Review: Lana Del Rey – Ultraviolence

popmag000128-ultraviolence

If Lana Del Rey knows how to do anything, it’s stay in her lane. The melodrama of her self-defined genre known as ‘Hollywood sadcore’ is revisited on her new studio album Ultraviolence. Despite claims following the release of 2012’s Born to Die that as a singer and songwriter she had said everything that – as an artist – she needed to say, the sultry, pouty songstress, whose melancholy delivery is Monroe’esque by some standards, indeed has more to say. While selling over seven million copies of her previous album, as well as positive reception of soundtrack singles for The Great Gatsby and Maleficent, to say that Del Rey is enjoying the success that comes with the fruits of her popstar labor is to draw the wrong conclusion. Reportedly, there is a disdain for life (or at least life in the spotlight) that looms in the shadows of experience with brutal media backlashes in recent years due to a string of rumors and misfortunes since the release of her most notable hit, Video Games. However, recording for two weeks with producer Dan Auerbach of The Black Keys proves that there is something to live for. In the classic songwriter’s tale, pain begets inspiration, and inspiration becomes lyrics.

Continuing in her short tradition of representing a mid-twentieth century Americana vibe with film noir cinematic quality in song, Ultraviolence chronicles the exhilarating and perhaps fleeting moments along Del Rey’s tumultuous journey. The album is an experimental, unhurried collection of atmospheric, somewhat monotonous tracks characterizing a woman making emotionally trying decisions over and over again. The songs, Lana Del Rey claims, are autobiographical and with the ‘real narco swing’ of all of the tracks on the album, you are reminded of the years she spent as a youth battling alcohol addiction, as if that battle still remains. The list of classifications regarding the album ranges from ‘sardonic mood’ to ‘woozy soft rock’. You definitely feel under the influence as you listen, with its delicate retro quality of soft guitars and the lurking reverb of snares that lends the album to a cult following.

The first single of the album, West Coast, is a hybrid tempo cross between soft rock and Orange County surf rock influenced by desert blues and layered with hypnotic vocal textures. The title track has the similar groggy tempo and key as other songs on the album like Sad Girl, a song about the woes of being the other woman, yet the actual song entitled The Other Woman, interestingly enough, paints the scenario as being in a preferential position, for the most part. This song also happens to showcase one of the more riveting vocal arrangements for the contralto, which is ironic as she delivers the line ‘such a change from old routine’. Brooklyn Baby is a song that was written to be a collaboration with Lou Reed, and if not for his death shortly after Lana Del Rey arrived in NYC to meet him, the collaboration (I imagine) would have been something similar to the duet by Bennett and Winehouse. Money Power Glory is a gloomy ballad with a stark guitar solo representing her turbulent rise to fame while Florida Kilos is a gritty, free love ode to substance abuse within the notorious Southern state. Ultraviolence is aptly titled for an album representing dysfunctional self-exploration and psychological traumas in song, with woeful, self-destructive experiences captured in relatable ways by the songwriter.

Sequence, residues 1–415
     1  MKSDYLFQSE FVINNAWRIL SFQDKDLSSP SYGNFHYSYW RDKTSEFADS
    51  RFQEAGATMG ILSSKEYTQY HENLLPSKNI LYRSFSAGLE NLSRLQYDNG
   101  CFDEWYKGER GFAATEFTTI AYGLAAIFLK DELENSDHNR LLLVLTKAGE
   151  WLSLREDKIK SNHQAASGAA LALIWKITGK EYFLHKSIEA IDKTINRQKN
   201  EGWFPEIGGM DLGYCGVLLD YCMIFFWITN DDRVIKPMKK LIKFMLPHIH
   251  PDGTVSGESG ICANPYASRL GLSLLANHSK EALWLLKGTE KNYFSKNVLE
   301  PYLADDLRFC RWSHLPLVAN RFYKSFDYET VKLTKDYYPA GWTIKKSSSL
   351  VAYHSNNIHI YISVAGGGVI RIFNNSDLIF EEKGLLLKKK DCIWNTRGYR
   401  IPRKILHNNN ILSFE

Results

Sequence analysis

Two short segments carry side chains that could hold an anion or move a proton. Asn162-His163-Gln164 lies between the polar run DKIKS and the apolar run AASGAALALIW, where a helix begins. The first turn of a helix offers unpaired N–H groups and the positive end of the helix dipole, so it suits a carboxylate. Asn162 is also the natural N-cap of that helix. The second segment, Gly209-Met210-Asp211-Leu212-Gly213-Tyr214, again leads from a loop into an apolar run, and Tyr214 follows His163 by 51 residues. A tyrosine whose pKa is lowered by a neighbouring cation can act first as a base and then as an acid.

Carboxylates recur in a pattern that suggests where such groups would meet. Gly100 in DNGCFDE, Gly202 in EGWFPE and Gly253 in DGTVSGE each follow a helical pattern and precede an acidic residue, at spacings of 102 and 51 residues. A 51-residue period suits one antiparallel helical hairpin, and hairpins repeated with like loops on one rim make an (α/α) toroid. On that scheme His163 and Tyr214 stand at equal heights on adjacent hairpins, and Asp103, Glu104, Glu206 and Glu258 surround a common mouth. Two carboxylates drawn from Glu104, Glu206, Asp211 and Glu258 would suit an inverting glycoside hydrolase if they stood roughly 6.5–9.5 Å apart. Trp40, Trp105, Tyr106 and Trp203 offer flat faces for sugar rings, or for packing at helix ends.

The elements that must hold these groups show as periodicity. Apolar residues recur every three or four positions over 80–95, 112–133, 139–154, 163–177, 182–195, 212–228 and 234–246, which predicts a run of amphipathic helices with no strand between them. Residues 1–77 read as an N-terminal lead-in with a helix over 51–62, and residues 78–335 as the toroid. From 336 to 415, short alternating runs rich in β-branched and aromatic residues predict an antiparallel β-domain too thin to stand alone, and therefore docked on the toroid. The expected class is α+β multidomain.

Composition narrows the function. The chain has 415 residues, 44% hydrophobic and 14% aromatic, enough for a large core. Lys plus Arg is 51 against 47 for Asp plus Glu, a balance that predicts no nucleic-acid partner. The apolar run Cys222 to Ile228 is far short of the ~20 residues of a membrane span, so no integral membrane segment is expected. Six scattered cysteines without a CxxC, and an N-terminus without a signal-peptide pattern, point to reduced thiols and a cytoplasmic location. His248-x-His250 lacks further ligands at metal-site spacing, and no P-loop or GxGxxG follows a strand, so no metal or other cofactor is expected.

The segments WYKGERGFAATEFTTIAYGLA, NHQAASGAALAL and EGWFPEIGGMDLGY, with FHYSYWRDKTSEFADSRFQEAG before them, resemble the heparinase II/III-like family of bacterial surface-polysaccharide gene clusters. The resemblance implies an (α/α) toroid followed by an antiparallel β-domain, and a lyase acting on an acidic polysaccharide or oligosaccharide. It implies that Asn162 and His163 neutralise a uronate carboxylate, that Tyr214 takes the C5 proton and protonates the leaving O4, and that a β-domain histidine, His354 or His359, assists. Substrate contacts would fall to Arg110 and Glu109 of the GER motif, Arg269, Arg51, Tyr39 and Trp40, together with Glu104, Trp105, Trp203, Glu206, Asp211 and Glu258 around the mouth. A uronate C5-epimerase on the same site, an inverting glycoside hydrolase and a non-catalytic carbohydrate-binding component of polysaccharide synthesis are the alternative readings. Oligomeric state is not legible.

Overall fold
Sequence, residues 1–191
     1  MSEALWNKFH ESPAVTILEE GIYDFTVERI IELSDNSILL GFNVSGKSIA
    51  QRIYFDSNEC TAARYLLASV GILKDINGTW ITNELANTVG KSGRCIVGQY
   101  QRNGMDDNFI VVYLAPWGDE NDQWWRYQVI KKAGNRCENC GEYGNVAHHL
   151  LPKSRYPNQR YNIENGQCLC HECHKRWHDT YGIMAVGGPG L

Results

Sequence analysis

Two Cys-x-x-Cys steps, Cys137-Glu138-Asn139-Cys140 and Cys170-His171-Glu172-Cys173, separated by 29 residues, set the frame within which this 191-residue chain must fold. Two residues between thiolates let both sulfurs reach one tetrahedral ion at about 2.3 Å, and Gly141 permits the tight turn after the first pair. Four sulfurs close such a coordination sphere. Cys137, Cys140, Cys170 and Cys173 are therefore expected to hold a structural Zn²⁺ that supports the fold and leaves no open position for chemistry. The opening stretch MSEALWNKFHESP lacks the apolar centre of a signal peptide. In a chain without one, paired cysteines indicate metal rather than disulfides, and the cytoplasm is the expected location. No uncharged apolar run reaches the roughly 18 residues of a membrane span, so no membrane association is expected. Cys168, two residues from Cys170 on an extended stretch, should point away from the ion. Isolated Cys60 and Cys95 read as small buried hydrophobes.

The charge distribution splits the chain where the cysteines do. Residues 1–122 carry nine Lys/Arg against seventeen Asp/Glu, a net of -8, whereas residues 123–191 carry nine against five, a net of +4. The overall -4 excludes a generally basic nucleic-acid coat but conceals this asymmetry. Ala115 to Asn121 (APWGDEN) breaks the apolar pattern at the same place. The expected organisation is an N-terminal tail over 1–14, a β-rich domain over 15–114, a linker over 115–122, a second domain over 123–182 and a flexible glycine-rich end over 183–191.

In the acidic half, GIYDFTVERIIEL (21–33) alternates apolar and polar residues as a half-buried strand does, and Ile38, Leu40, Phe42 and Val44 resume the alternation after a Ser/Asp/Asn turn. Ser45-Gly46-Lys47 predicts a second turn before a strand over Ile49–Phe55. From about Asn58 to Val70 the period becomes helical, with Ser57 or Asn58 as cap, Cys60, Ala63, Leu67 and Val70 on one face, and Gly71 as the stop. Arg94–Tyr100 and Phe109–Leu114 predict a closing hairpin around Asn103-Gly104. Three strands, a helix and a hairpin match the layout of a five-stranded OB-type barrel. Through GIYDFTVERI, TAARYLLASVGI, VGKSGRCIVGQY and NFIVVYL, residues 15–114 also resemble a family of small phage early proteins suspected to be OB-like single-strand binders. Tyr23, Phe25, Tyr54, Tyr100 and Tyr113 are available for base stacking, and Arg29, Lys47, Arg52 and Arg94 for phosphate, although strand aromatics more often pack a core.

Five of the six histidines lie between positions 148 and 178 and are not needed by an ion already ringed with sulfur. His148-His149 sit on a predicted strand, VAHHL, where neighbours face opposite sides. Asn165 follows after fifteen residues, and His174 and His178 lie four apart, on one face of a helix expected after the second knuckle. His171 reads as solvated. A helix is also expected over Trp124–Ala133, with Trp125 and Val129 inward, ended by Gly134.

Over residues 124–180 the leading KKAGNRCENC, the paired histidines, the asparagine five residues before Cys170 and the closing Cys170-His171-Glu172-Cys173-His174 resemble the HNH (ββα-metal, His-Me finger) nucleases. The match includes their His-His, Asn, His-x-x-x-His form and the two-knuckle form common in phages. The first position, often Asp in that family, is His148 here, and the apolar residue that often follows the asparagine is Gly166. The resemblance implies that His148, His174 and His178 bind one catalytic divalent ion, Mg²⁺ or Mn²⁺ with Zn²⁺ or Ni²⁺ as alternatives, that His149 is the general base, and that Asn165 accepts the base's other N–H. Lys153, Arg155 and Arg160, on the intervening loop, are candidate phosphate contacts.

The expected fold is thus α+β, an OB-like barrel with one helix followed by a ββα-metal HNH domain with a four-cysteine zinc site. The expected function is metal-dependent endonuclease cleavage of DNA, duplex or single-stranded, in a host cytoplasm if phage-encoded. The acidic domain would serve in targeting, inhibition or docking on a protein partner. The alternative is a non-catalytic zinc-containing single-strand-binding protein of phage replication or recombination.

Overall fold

Written by Mai Perkins

Originally from Los Angeles, Mai Perkins is currently living a decade long bona fide love affair with NYC and the music that keeps its spirit moving. Many of her adventures around the globe are documented on her blog: Mai On The Move! www.MaiOnTheMove.com

 
Author’s rating for Ultraviolence

Pop Magazine’s official rating for Ultraviolence

Rating key
MASTERPIECE a must-have
SUPERB for heavy rotation
EXCELLENT a great achievement
VERY GOOD a respectable result
GOOD worth checking out
FAIR an average outcome
WEAK not convincing stuff
BAD an underwhelming effort
VERY BAD quite a waste
FAIL a total failure

Publishing Company for Print and Online Media

One Response to “Review: Lana Del Rey – Ultraviolence”

  1. […] If Lana Del Rey knows how to do anything, it’s stay in her lane. The melodrama of her self-defined genre known as ‘Hollywood sadcore’ is revisited on her new studio album Ultraviolence. Despite claims following the release of 2012’s Born to Die that as a singer and songwriter she had said everything that – as an artist – she needed to say, the sultry, pouty songstress, whose melancholy delivery is Monroe’esque by some standards, indeed has more to say. While selling over seven million copies of her previous album, as well as positive reception of soundtrack singles for The Great Gatsby and Maleficent, to say that Del Rey is enjoying the success that comes with the fruits of her popstar labor is to draw the wrong conclusion. Reportedly, there is a disdain for life (or at least life in the spotlight) that looms in the shadows of experience with brutal media backlashes in recent years due to a string of rumors and misfortunes since the release of her most notable hit, Video Games. However, recording for two weeks with producer Dan Auerbach of The Black Keys proves that there is something to live for. In the classic songwriter’s tale, pain begets inspiration, and inspiration becomes lyrics. (Click HERE to read more!) […]

Write a Comment

© 2019 POP MAGAZINE. Created by Hotspot Entertainment. Published by A-Z Publishings. Made with WordPress. Theme "WP Castle" by Saeed Salam.
Marketing by Advance. Design by Gaze. Branding by Brandola. Publicity & Public Relations by Redhot. Ads by AdsUp. Imprint